Alison Brie Posts Apology Over 'BoJack Horseman' Role, Praises Others Speaking out on Racial Roles

Alison Brie has issued a formal apology for her portrayal of the character Diane Nguyen in BoJack Horseman. Diane was a supporting character on the Netflix animated dramedy, which ended its six-season run in September of 2019. While Diane was written as a Vietnamese-American, Brie herself is white and on Friday, she issued a heartfelt statement on Instagram.

"In hindsight, I wish that I didn't voice the character of Diane Nguyen," Brie wrote in the post. "I now understand that people of color should always voice people of color. We missed a great opportunity to represent the Vietnamese-American community accurately and respectively, and for that, I am truly sorry. I applaud all those who stepped away from their voiceover roles in recent days. I have learned a lot from them."

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The issue with Brie's casting had been pointed out be a fan on Twitter back in January of 2018, and BoJack Horseman creator Raphael Bob-Waksberg spoke to Uproxx about the blindspot he had when casting the character. While he was determined that Diane was "not going to be a cliché" whose "race is barely going to play a factor and she's just going to be a person," he admitted that he "was so young and so green, I didn't understand how much power I had." Ultimately, he admitted the final casting bothered him but called himself a "coward" for denying the problem.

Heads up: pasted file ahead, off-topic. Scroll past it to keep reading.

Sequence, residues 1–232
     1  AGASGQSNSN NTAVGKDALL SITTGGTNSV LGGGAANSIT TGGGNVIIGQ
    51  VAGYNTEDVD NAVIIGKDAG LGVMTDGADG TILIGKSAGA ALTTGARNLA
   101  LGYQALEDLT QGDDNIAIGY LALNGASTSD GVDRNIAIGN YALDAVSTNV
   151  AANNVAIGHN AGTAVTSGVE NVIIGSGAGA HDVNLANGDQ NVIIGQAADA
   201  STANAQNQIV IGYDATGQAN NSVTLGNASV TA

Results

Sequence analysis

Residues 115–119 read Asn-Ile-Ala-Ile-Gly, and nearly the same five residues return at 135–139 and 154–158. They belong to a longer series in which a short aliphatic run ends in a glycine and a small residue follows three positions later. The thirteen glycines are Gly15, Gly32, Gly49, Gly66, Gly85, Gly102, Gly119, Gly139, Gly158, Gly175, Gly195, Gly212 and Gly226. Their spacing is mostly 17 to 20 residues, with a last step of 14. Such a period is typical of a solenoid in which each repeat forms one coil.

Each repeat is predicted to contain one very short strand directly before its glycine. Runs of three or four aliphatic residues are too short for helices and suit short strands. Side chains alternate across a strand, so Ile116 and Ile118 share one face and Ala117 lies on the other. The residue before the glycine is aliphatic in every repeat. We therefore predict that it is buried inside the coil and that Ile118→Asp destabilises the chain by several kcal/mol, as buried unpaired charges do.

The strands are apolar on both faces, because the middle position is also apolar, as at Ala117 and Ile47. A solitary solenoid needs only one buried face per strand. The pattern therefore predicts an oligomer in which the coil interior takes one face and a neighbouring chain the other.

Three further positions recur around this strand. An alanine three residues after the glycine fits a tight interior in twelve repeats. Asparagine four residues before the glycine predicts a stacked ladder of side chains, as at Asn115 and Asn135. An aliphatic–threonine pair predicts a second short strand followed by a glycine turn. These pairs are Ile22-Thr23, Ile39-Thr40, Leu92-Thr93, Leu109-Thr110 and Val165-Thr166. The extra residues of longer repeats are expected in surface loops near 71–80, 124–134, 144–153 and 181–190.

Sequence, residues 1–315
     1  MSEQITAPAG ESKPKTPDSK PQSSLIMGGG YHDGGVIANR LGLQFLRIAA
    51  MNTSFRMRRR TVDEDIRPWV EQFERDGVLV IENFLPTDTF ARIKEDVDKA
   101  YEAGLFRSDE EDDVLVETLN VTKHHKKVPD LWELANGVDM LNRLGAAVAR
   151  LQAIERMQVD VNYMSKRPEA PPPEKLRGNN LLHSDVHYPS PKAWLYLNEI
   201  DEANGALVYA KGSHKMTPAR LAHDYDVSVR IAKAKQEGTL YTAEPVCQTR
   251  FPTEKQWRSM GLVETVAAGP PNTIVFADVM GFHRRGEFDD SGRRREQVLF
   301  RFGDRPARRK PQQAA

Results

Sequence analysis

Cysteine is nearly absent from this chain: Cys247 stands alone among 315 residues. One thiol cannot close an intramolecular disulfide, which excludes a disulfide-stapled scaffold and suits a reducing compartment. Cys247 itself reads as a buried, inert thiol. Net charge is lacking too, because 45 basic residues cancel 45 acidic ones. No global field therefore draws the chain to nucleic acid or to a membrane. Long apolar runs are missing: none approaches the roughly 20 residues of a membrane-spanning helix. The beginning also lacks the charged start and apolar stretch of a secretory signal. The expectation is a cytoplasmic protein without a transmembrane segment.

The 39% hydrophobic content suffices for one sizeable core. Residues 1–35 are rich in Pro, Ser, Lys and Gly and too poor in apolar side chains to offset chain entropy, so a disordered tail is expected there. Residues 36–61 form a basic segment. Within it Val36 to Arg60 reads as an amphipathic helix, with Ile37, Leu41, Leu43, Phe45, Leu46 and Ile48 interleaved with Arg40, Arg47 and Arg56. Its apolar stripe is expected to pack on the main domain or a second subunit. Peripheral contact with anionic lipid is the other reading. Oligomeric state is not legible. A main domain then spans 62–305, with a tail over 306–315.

The criticism over Diane's voice actor has been renewed amid global civil rights protests, which have prompted a number of actors to step down from their roles as non-white characters in animated programs. Jenny Slate announced she'd no longer be voicing the Missy in another Netflix series, Big Mouth, while Kristen Bell will be recast in AppleTV+'s musical series Central Park, leaving the character of Molly open for a Black voice actor.

Family Guy actor Mike Henry announced on Friday that he'd be stepping down from the role of Cleveland Brown. That same day, The Simpsons producers also announced that no non-white characters would be voiced by white actors, an issue dating back throughout the show's considerable history. Netflix also announced on Friday that it would be pulling an episode of Brie's old sitcom Community from the platform, due to Ken Jeong's character appearing in blackface.